After Admission of QEEG Brain Map Evidence, Florida Jury Nixes Death Sentence for Grady Nelson

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Defense Counsel Terry Lenamon Details How South Florida Man Escapes Death Penalty for Stabbing Death of Wife after First-Time Admission of QEEG Brain Mapping Evidence

“QEEG brain mapping is the future,” Terry Lenamon explained after Judge Hogan-Scola sentenced Nelson to life without parole. “QEEG technology will have a huge impact around the country in a wide variety of lawsuits dealing with brain damage."

Grady Nelson, 53, will not face the death penalty for stabbing his wife 61 times and stabbing her two young children whom he had previously sexually assaulted, a Miami jury decided yesterday. After only one hour’s deliberation in a trial where QEEG brain mapping evidence was admitted, the jurors returned a recommendation of life without parole for Nelson, a former Miami-Dade County social worker’s aide convicted of murdering his wife, Angelina Martinez, in January 2005 (Cause No. F05-00846 in the Circuit Court of the 11th Judicial Circuit, in and for Miami-Dade County, Florida, styled State of Florida v.Grady Nelson.)

During the trial, evidence was presented that the Miami-Dade Human Services Department hired Nelson as a social-worker aide in 2000 despite his 1991 conviction for the 1991 rape of a 7-year-old neighbor. According to court documents, in 2005 Nelson was jailed for having sexual relations with his wife’s 11-year-old mentally disabled daughter; on the morning after his release from jail on this charge, Nelson was discovered holding a knife at the murder scene where his wife’s body lay with a knife in her head with her two children, her daughter, 11, and her son, 9 years old, also stabbed but still alive.

“This may be the first time in any United States criminal courtroom where QEEG analysis has been ruled admissible and respected for its ability to provide vital information on brain injury and impairment,” explains Terence Lenamon, death-qualified Miami criminal defense attorney and co-counsel with David S. Markus in Grady Nelson’s four-week penalty phase trial.

The defense argued as mitigation that not only was Nelson sexually abused as a child and abandoned by his mother, he also became addicted to cocaine and was brain damaged. Over the state’s “junk science” objections, Florida 11th Circuit Court Judge Jacqueline Hogan-Scola granted Terry Lenamon’s request to allow the jury to consider the results of Nelson’s quantitative EEG (“QEEG”) brain map, revealing Nelson’s involuntarily predisposition to impulsiveness and violence.

“QEEG brain mapping is the future,” Lenamon explained after Judge Hogan-Scola sentenced Nelson to life without parole. “QEEG technology will have a huge impact around the country in a wide variety of legal cases – civil and criminal – as well as in all kinds of medical issues.''

According to Lenamon, Florida’s Grady Nelson trial is a turning point for capital murder cases across the country and may provide support for QEEG admissibility in a wide variety of lawsuits where brain function is an issue. In the past, some judges have found QEEG testing to be insufficiently reliable to be admitted as scientific evidence, and the prosecution fought hard against its use in the Nelson considerations.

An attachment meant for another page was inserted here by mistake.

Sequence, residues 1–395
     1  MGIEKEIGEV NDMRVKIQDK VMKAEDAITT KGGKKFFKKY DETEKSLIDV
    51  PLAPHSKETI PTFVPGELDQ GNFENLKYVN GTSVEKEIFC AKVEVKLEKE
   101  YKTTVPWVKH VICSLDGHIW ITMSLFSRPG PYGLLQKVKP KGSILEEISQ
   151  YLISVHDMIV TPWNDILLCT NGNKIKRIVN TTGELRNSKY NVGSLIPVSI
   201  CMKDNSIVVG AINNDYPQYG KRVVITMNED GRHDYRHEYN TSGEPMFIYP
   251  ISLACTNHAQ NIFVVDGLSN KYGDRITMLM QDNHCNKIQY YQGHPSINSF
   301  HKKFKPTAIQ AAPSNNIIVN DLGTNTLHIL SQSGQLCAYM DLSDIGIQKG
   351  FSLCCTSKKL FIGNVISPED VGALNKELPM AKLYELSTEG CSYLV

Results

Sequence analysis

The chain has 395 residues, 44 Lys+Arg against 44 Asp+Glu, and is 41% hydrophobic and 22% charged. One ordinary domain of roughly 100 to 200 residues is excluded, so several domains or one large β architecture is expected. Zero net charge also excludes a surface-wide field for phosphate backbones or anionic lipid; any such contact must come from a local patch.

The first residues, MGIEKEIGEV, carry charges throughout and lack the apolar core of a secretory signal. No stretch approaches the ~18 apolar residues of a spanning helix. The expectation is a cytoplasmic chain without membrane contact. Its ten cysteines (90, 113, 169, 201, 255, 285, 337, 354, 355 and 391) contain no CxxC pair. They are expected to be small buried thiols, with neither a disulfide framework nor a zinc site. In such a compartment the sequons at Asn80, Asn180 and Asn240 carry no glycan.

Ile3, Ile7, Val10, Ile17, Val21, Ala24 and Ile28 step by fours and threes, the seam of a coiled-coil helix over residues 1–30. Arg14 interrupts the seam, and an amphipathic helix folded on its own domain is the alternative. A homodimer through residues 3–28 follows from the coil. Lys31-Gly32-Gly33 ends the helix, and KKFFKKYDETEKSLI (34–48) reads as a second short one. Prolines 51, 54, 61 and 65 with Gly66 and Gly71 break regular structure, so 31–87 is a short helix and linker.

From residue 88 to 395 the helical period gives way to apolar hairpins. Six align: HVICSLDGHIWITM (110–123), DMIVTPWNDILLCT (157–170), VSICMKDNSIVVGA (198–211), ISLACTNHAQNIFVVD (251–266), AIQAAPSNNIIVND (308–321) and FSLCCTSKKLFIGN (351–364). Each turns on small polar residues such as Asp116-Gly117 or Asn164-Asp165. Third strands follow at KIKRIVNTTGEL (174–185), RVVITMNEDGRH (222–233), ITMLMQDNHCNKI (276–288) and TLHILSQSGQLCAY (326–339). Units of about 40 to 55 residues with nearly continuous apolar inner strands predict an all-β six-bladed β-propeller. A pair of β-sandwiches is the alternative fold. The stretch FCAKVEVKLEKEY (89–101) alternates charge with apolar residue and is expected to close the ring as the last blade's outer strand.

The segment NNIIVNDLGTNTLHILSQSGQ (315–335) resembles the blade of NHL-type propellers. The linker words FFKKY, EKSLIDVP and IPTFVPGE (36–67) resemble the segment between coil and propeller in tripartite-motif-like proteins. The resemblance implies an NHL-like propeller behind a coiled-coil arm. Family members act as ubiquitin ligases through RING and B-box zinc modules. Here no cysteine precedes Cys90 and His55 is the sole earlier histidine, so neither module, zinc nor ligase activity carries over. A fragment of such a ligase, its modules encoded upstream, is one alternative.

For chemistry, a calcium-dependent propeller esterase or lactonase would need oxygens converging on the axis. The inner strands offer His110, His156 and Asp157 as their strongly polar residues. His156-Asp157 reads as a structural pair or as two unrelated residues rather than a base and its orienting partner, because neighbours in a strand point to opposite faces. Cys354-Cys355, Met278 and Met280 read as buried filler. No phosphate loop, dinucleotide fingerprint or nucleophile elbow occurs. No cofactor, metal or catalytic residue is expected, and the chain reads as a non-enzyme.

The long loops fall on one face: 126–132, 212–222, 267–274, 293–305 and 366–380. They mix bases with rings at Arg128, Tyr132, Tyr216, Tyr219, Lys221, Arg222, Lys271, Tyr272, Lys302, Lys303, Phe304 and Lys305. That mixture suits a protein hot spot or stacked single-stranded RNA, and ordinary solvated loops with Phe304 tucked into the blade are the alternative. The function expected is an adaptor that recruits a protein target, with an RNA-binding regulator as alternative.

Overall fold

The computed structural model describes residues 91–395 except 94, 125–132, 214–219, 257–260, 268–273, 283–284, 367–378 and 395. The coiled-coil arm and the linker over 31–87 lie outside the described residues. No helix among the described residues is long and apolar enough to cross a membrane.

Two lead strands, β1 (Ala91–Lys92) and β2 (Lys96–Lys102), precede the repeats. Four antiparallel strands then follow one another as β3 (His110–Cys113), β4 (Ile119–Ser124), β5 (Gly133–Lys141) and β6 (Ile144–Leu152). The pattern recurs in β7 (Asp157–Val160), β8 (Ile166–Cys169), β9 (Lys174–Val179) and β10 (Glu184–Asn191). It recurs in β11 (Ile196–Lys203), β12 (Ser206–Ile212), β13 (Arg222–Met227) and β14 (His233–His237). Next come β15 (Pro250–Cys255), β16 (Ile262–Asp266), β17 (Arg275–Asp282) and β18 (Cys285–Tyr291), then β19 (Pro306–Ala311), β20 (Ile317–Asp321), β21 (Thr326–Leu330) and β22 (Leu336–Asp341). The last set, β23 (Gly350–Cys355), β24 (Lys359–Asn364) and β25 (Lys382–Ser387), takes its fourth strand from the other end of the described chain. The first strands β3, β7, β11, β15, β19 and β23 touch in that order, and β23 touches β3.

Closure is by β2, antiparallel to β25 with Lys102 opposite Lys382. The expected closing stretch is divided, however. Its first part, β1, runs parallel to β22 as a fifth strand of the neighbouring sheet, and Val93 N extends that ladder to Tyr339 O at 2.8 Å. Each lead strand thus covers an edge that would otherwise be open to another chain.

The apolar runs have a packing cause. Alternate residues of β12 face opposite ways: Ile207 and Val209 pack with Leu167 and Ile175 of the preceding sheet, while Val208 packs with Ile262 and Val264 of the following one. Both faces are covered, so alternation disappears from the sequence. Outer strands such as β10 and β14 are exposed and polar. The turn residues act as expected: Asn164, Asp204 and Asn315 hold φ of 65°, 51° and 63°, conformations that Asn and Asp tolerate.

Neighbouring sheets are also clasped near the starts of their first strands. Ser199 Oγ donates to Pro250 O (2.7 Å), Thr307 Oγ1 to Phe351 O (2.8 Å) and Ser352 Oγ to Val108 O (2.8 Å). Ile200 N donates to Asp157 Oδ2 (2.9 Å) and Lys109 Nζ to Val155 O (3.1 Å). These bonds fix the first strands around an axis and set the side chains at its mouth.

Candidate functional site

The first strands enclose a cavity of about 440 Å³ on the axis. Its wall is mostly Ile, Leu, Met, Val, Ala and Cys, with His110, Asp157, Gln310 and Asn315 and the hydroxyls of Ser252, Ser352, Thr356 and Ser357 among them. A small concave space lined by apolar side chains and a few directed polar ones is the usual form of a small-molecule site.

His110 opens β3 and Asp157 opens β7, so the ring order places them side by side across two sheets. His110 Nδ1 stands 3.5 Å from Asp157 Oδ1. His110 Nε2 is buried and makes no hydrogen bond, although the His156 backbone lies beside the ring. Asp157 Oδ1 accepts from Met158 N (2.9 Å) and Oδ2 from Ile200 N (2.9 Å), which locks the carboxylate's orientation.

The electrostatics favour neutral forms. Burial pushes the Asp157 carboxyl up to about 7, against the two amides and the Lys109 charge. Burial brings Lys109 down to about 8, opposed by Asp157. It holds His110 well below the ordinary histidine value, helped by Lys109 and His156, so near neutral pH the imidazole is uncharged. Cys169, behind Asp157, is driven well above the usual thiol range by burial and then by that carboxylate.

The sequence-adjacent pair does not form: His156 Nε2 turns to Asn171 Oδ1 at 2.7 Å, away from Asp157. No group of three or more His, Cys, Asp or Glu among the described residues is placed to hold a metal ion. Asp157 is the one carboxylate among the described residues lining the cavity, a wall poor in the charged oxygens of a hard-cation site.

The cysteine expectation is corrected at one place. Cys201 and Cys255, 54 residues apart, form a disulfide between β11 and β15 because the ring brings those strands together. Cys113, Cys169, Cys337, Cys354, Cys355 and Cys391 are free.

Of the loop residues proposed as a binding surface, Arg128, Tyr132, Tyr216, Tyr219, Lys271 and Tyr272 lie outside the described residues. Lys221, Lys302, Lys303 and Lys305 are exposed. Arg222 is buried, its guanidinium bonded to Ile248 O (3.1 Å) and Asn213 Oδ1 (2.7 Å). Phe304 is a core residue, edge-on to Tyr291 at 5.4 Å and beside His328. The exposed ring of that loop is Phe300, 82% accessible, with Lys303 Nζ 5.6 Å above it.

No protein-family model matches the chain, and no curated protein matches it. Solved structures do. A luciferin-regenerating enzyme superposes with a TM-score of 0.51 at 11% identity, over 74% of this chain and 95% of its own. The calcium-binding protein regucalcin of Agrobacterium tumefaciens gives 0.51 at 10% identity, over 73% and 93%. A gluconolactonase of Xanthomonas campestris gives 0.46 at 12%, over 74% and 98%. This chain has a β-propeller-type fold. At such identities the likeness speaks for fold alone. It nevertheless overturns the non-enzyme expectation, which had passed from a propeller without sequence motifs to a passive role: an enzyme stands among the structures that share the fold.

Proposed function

However, after hearing Lenamon’s arguments and the testimony of Dr. Robert W. Thatcher, a nationally known pioneer in QEEG analysis who is Board Certified by the American Board of Certification of Quantitative Electroencephalography and a principal in Applied Neuroscience, Incorporated, Judge Hogan-Scola found QEEG meets the legal prerequisites for reliability under Frye and Daubert standards.

“[E]verything I have heard, the methodologies are sound, the techniques are sound, the science is sound,” ruled Judge Hogan-Scola in the October 6, 2010, hearing on the admissibility of QEEG evidence.

“We are understandably encouraged by the fierce dedication to justice exhibited by Judge Hogan-Scola in her ruling on QEEG,” continues Mr. Lenamon. “Having a judge with her combination of legal expertise and scientific knowledge was crucial here, and the time to recognize QEEG analysis by experts such as Dr. Thatcher as sound science is long overdue.”

As explained by Dr. Thatcher in his October 2010 testimony, QEEG brain mapping is a computer analysis of around 20 channels of simultaneous EEG recording under controlled conditions including 3-dimensional source imaging. Today, there are over 50 companies selling QEEG products in the marketplace, including Applied Neuroscience, Incorporated, whose NeuroGuide Deluxe™ has been tested as reliable.

About Terence Lenamon:

Terence (“Terry”) Lenamon is a Board Certified criminal defense attorney practicing in Miami, Florida, where he has achieved national recognition as a death-qualified defense trial lawyer representing those facing the death penalty for capital crimes, having first-chaired over 100 jury trials in his 17 years practicing law. Terence Lenamon is also Executive Director of the Florida Capital Resource Center, a non-profit organization that provides support to Florida death penalty attorneys.

Lenamon’s recent media recognition includes being the initial death-qualified attorney in the Casey Anthony case, as well as representing both Grady Nelson and Caesar Mena. Terence Lenamon has appeared as a criminal defense expert on HLN’s Nancy Grace and Issues with Jane Velez Mitchell as well as being quoted for the opinions he provides in print media publications including the Miami Herald, the Orlando Sentinel, and the Palm Beach Post. He blogs regularly about death penalty issues at

Terence M. Lenamon, Esq.*
Lenamon Law PLLC
100 N. Biscayne Blvd., Suite 3070
Miami, FL 33132
Phone: (305) 373-9911
Fax: (786) 425-2380
*Board Certified Trial Lawyer /AV-Rated Preeminent


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